4. Daniel Mosquin

    Daniel Mosquin Paragon of Plants UBC Botanical Garden Forums Administrator Forums Moderator 10 Years

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    The following was received via email:

    Thank you for answering Brandi's question about the Cordyline Red Sister. I have the same plant and found that the edges and tips of the leaves go brown. I often wondered why that happened and you have answered my question as well. I will spray mist the leaves and be sure to place it in the shade if I put it outside in the summer months. I love this plant and the vibrant pink that it is. Your information was very helpful.

    Thank you very much.
    Tany
     
  5. Red Sister plant

    We have a similar plant but it is dropping its leaves. It is in a shady spot indoors. I beleive it is afflicted by something but need some advice. There does not appear to have spider mite or anything attached to its trunk. Can you help?

    Thanks
    Lori Lynn
     
  6. PlantExplorer

    PlantExplorer Active Member 10 Years

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    Hi Lori Lynn,

    There is also the problem of too much shade – when you say a ‘shady spot’ indoors, how much light is the plant getting? They need a good amount of light and will do best if placed within a foot of a window. If it is a large south facing window, the plant should be fine up to two to three feet away – but all these measurements are relative to the actual amount of light. If the plant is leaning, reaching toward the nearest light source, dropping leaves, losing colour in the leaves, or is producing leaves of a significantly different colour than when you first bought it, then chances are good that it is not getting enough light. Hope this helps.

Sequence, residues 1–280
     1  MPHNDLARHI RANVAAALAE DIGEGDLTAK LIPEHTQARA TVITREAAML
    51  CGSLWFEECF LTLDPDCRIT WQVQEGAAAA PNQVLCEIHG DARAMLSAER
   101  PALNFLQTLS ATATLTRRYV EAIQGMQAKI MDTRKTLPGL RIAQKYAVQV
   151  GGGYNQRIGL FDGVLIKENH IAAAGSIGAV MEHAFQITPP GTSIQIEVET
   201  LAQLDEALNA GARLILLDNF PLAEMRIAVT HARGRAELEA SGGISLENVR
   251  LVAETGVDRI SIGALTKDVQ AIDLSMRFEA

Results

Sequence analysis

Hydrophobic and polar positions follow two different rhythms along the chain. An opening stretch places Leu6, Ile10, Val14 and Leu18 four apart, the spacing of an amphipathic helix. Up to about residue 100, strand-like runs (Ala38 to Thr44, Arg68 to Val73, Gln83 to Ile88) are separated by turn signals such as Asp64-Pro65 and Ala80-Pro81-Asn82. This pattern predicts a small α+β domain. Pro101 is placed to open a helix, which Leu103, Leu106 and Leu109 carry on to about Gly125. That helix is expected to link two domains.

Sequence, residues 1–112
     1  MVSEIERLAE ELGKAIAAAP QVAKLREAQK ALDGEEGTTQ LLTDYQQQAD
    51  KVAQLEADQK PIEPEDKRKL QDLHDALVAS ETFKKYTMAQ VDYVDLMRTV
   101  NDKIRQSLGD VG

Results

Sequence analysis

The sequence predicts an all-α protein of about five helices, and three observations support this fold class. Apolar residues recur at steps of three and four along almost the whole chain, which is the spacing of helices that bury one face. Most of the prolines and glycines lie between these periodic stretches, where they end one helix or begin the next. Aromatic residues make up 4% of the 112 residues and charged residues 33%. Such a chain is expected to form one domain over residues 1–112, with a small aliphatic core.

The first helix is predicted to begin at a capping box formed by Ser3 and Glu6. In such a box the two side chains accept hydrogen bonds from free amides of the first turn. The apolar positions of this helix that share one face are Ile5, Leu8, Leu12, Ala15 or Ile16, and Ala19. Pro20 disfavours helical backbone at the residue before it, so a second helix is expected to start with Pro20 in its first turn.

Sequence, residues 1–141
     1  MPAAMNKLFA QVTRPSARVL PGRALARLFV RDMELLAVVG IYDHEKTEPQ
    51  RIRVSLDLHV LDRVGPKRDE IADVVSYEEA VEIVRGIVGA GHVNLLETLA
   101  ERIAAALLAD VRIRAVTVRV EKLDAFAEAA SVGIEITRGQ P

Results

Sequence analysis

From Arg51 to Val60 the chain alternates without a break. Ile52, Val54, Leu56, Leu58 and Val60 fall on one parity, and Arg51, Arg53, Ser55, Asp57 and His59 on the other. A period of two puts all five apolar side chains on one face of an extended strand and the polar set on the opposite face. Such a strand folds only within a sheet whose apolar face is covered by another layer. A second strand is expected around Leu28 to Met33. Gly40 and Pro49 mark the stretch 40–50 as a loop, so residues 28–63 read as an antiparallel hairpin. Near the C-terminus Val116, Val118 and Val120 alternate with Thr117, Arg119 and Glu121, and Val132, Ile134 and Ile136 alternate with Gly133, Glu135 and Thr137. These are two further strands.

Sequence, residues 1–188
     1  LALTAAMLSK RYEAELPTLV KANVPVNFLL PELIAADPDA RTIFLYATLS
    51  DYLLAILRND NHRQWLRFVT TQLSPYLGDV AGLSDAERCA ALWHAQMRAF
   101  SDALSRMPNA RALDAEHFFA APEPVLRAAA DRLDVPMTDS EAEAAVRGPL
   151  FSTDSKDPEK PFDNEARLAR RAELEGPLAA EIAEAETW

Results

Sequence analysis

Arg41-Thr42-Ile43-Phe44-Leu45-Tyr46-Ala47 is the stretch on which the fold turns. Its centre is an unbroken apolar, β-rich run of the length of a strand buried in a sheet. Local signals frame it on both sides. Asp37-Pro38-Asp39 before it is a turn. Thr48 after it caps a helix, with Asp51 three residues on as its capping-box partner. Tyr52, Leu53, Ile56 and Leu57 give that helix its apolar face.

J. W.
     
  7. Cordyline

    I stumbled upon your forum looking for Cordyline information. The discolouration on the leaves (turning brown on the edges and dropping them) may possibly be due to chlorine/flouride in the water. I have heard that Ti don't tolerated flouride....

    What a great forum you have! OH, I live in Hawaii and grow lots of Ti.

    Carol
     
  8. Hello! My name is Jessica and I just recently purchased a Red Sisiter Cordyline from Walmart. When I got home, I noticed that a lot of the leaves, especially the lower ones, had brown spots on them. They are fairly small and all over the leaf. I trimmed off quite a few of them, but not all. My main concern lies in the cause...does anyone know if it was the way the plants were cared for that caused the spots, or if it is something more serious? I would appreciate any help. Thanks so much!!
     
  9. kimo

    kimo Member

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    Re: Cordyline

    Aloha, Where are you in Hawaii and do you or anyone you know grow Ti in quantity for sale? I am trying to buy quantities of Ti roots.

    Mahalo

    Kimo




    QUOTE=Unregistered;3754]I stumbled upon your forum looking for Cordyline information. The discolouration on the leaves (turning brown on the edges and dropping them) may possibly be due to chlorine/flouride in the water. I have heard that Ti don't tolerated flouride....

    What a great forum you have! OH, I live in Hawaii and grow lots of Ti.

    Carol[/QUOTE]